When dead bodies began turning up in New York and New Jersey in the early 1980s, investigators suspected they had a serial killer on their hands. But when they finally caught their man, he claimed he’d been hired by the Mafia and admitted to murdering many more...
Richard Kuklinski was a family man. Known for his barbecues, he was also an usher at mass. Friends and neighbours respected the businessman.
But Kuklinski was hiding a dark secret…
His business was murder!
He was a professional hitman – hired by Mafia crime families.
Born on 11 April 1935, Richard Kuklinski was the son of Irish and Polish immigrants.
His mother, Anna, was a devout Catholic and his father, Stanley, worked on the railways.
It was reported Stanley was a violent alcoholic who beat Kuklinski and his siblings regularly. And it’s believed Kuklinski’s older brother died from the abuse.
Meanwhile, Kuklinski’s killer urges began in childhood, when he started killing cats. He said he graduated to humans when he was 14. It seemed to make young Kuklinski feel ‘empowered’.
Later, he met and married Barbara Pedrici, with whom he had three children.
Kuklinski played the family man well, fooling neighbours, friends, even his own wife.
But behind the facade, Kuklinski was a dangerous man.
He had a reputation as an explosive pool hustler who beat anyone who annoyed him. His rage and violence brought him to the attention of many crime families. And he then earned their respect when he shot and killed, without question, a random man selected on the roadside by mobsters.
Kuklinski’s career as a contract killer had begun. Many Mafia families hired him to carry out brutal slayings – mainly of other criminals and mob family members.
According to Kuklinski, over the next 30 years he committed more than 100 murders.
He evaded capture due to his differing murder methods.
The use of cyanide poison became a favourite, as well as guns, knives and chainsaws.
Kuklinski became known for removing his victims’ teeth and fingers, and dumping their bodies off bridges.
A killer without a conscience, at the end of his working day he’d return to his quiet family life.
For the next three decades, Kuklinski got away with his brutal crimes. But in the early 1980s, he began to make mistakes…
In September 1983, the partially decomposed body of Louis Masgay was found.
Wrapped in plastic bags, Masgay had been shot in the head and his body dumped in a park. He’d last been seen over two years earlier. When coroners investigated, they found ice crystals in Masgay’s body.
But it was summer in Orangetown, New York…
Investigators believed his dead body had been frozen to disguise the time of death.
Police nicknamed the killer the ‘Iceman’.
In the years following, investigators began to link Masgay’s murder to others.
Months before, in May, Daniel Deppner’s body had been found, dumped in rubbish bags on a secluded road.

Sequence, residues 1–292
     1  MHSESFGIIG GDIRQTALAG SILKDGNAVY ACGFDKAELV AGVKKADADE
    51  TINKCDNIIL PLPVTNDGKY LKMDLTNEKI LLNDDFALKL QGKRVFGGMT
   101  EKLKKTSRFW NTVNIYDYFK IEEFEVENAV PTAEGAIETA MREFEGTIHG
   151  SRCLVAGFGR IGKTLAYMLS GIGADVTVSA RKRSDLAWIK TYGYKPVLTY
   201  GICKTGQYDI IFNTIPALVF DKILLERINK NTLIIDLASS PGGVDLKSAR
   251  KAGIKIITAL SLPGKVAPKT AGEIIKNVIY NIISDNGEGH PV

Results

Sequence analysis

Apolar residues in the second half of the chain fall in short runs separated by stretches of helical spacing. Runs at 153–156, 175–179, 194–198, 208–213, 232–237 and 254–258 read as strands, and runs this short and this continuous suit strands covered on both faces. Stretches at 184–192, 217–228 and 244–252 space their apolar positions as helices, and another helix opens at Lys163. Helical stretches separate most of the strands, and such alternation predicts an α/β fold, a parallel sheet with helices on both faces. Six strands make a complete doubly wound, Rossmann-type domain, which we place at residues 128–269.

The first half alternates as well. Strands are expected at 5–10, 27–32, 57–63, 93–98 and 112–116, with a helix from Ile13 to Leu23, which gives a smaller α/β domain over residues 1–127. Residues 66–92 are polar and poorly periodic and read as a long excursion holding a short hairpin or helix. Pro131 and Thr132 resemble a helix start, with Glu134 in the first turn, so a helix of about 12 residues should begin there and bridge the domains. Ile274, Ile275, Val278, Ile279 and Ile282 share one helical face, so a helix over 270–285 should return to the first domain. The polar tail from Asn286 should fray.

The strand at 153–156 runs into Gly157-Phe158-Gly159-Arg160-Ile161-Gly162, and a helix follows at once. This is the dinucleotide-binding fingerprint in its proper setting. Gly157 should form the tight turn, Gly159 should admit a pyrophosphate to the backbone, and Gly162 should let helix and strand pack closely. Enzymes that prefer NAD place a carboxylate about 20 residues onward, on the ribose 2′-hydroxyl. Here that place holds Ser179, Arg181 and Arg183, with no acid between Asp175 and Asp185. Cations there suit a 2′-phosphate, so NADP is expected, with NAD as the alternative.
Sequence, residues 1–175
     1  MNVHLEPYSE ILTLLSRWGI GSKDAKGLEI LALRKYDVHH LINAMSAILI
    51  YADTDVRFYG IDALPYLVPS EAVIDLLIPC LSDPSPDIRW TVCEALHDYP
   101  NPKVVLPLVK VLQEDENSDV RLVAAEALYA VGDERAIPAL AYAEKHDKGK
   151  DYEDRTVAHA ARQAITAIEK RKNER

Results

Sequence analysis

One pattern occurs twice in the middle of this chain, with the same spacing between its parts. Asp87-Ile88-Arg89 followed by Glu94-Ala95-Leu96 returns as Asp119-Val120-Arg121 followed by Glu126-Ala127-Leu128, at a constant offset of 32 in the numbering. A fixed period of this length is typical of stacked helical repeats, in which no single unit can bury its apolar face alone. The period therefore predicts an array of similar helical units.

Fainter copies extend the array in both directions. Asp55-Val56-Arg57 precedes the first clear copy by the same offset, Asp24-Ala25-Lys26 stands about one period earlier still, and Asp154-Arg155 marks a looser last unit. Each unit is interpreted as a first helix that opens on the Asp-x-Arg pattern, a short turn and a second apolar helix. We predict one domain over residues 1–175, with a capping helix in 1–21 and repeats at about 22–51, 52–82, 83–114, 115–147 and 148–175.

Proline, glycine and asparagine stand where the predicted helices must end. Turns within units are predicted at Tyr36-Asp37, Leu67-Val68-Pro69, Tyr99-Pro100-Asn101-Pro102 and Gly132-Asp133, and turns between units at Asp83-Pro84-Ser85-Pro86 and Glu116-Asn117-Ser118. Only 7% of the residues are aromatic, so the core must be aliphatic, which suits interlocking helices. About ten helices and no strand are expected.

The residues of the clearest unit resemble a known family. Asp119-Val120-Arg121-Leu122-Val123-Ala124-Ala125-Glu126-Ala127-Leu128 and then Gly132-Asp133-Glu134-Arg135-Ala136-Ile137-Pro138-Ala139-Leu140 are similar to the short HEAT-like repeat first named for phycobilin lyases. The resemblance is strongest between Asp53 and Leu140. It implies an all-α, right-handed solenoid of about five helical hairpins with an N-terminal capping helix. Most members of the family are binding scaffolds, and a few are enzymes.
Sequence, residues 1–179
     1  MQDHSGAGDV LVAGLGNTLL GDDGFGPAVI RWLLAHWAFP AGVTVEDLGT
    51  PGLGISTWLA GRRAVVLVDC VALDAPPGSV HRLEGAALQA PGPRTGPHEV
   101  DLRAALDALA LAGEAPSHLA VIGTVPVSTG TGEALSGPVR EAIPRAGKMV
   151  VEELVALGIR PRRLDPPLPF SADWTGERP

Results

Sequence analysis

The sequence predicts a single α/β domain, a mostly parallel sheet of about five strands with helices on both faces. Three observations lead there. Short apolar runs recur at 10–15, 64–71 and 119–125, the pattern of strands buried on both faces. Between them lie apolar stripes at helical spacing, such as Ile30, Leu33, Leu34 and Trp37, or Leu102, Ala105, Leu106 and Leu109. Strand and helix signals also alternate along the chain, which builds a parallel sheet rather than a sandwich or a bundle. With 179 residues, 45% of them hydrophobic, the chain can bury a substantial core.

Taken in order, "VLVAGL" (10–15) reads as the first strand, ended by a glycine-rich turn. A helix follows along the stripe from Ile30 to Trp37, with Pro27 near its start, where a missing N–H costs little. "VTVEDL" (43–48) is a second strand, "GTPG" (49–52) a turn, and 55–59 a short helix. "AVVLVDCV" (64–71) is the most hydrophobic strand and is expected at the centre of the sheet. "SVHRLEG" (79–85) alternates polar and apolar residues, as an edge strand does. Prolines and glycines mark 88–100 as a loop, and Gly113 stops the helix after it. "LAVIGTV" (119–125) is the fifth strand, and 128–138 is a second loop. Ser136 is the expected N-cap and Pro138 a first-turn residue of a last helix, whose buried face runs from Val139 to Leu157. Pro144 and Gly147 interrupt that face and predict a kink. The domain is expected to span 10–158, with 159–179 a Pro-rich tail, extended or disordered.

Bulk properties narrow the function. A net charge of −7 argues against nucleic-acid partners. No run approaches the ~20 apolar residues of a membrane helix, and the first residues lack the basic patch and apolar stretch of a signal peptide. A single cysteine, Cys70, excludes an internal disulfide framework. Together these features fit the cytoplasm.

And, in December 1982, the decomposing body of 37-year-old Gary Smith had been discovered in a hotel. He’d been poisoned, then strangled, his body hidden between the bed’s mattress and springboards.
Horrifyingly, unsuspecting guests who’d then stayed in the room noticed the foul smell.
There was one link between all the murders – the person who’d last seen them alive.
Special agents began watching him and even went undercover. An officer posed as a hitman and spent 18 months building up Kuklinski’s trust.
Eventually, Kuklinski confessed to killing people and boasted about his twisted methods.
In December 1986, Richard Kuklinski was arrested and charged with five counts of murder.
He’d evaded capture for so long, but it was a series of blunders that saw him caught.
When he murdered mob member Gary Smith in a hotel room, he’d laced Smith’s burger with cyanide, but Smith took longer to die than expected. So Richard Kuklinski decided to strangle him and hide his body under the bed.
Kuklinski slipped up again with Louis Masgay. He’d stored his body in a freezer for two years, but hadn’t let it thaw out completely before dumping it. If he had, the medical examiner wouldn’t have noticed his trickery.
In 1988, a New Jersey court convicted Kuklinski of five murders, sentencing him to consecutive life sentences and making him eligible for parole at 110.
Then, in 2003, he admitted to the 1980 murder of detective Peter Calabro, and received another 30 years.
While in prison, Richard Kuklinski granted interviews to psychiatrists, writers, and TV reporters. He lapped up the attention and ‘fame’.
During documentaries, he confessed to several cold-blooded murders, bragged about his sadistic methods, and ability to detach himself emotionally from his own brutality.
Investigators didn’t buy everything Kuklinski claimed, and believed he’d exaggerated the number of murders he’d committed.
In March 2006, aged 70, Richard Kuklinski died of unknown causes.
For a killer without a conscience, the Iceman now knows himself if there is a Heaven or Hell.